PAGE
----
By Beh Lih Yi
(Thomson Reuters Foundation) — A fatal shooting in the United States this month of eight people, including six Asian-American women, has triggered calls to stop rising anti-Asian violence — with South Korea's K-pop stars, BTS, becoming the latest to speak up.
US President Joe Biden said on Tuesday that such attacks, fuelled by the COVID-19 pandemic, were "wrong, un-American, and must stop," as his administration announced new measures to counter the trend.
Here's what you need to know about rising anti-Asian racism:
Which celebrities have spoken out?
K-pop sensation BTS, which dominated world music sales in 2020 with the year's top two best-selling albums, called for an end to anti-Asian racism.
"We send our deepest condolences to those who have lost their loved ones. We feel grief and anger," BTS said on Twitter, using the hashtags #StopAsianHate and #StopAAPIHate, referring to Asian-Americans and Pacific Islanders.
#StopAsianHate#StopAAPIHatepic.twitter.com/mOmttkOpOt— 방탄소년단 (@BTS_twt) March 30, 2021
The seven-member group said they have suffered racist abuse, including being sworn at and mocked over their appearance, which made them feel "powerless” and “chip[ped] away our self-esteem."
"We cannot put into words the pain of becoming the subject of hatred and violence for such a reason," said BTS, who were compared to the new coronavirus by a German radio host last month during a live broadcast.
The Korean group joined other Asian-American stars who have spoken out since the shooting, including X-Men: Apocalypse star Olivia Munn and Golden Globes winner Sandra Oh, best known for her role in the series Grey's Anatomy.
Actors Daniel Wu and Daniel Dae Kim last month jointly offered a reward of $25,000 for information on a case where a man of Asian descent, 91, was assaulted in California.
Basketball star Jeremy Lin, who is Taiwanese American, also shared his anger at the increase in racism with the use of terms like "Kung Flu" and "China Virus" to describe COVID-19, first identified in Wuhan, China, in late 2019.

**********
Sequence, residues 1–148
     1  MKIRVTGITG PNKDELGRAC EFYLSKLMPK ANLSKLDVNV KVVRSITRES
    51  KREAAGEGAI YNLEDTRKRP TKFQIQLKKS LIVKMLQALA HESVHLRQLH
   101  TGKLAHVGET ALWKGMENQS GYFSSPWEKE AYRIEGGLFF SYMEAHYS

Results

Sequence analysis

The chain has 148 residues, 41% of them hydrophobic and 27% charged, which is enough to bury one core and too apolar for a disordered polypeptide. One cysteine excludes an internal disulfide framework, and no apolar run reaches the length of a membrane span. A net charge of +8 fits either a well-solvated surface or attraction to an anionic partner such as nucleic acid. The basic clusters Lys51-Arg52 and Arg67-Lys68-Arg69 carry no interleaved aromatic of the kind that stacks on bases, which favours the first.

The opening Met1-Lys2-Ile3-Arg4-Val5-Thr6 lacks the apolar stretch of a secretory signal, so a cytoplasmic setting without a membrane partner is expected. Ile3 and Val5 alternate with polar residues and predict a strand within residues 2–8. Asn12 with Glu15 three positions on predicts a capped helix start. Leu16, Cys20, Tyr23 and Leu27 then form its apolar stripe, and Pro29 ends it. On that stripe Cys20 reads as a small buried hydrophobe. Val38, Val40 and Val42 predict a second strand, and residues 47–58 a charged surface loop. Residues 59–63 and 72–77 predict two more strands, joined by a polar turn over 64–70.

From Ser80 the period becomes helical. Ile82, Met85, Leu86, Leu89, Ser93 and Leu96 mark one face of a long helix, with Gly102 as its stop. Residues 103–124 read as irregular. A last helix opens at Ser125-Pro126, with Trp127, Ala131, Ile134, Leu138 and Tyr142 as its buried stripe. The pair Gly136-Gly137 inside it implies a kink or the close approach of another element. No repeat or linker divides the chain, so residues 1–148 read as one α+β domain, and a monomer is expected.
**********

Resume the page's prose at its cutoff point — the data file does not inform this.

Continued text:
"The Atlanta shooting made my heart sink. The world felt darker and more frightening than ever before," the former NBA star co-wrote on the Time news website.
What happened at the shootings?
The bloodshed began about 5 p.m. on March 16 when four people — two of whom were Asian-American women — were killed at Young's Asian Massage, about 40 miles (64 kilometers) north of Atlanta, in the southern state of Georgia.
About an hour later, four women of Asian descent were shot dead in a beauty salon and in a nearby aromatherapy spa in the state capital.
A 21-year-old white man, Robert Aaron Long, has been charged with multiple counts of murder and told investigators sex addiction led him to violence.
Police have not ruled out the possibility that anti-Asian sentiments could have been part of the motivation.
Hundreds of demonstrators gathered outside the State Capital this month demanding action to stop the rising hate crimes.
Are anti-Asian hate crimes linked to the pandemic?
Hate crimes against Asian Americans in major cities rose by 149% in 2020 to 122, up from 49 in 2019, according to the Center for the Study of Hate and Extremism, a US-based research group, while overall hate crime fell by 7% to 1,717 incidents.
The spike first occurred in March and April amid a rise in cases of COVID-19, which then-President Donald Trump repeatedly referred to as the "China Virus," and negative stereotyping of Asians relating to the pandemic, it said.
Violent incidents included people being slashed with a box cutter and lit on fire, according to testimony at a US congressional hearing on anti-Asian violence this month.
The most Anti‐Asian hate crimes reported in one year was 355 in 1996, the Center for the Study of Hate and Extremism said.
Is anti-Asian violence being reported elsewhere?
Outside the United States, people of Asian descent have also reported a rise in physical attacks and discrimination fueled by the coronavirus pandemic.
In Australia, 1 in 5 Chinese Australians say they have been physically threatened or attacked in the past year due to the pandemic and tensions in Australia's relationship with China, a Lowy Institute think-tank survey this month showed.
About 5% of Australia's 25 million people claim Chinese ancestry, the national census shows.
In Britain, a university lecturer who is a Chinese national was left with a bloody nose and mouth last month after a racist assault by four white men who shouted at him to "go home" when he was out jogging.
A Singaporean student studying in London last year suffered facial injuries after he was attacked by a group of people who linked him to the coronavirus.
(Reporting by Beh Lih Yi @behlihyi; editing by Katy Migiro. Please credit the Thomson Reuters Foundation, the charitable arm of Thomson Reuters, that covers the lives of people around the world who struggle to live freely or fairly. Visit http://news.trust.org)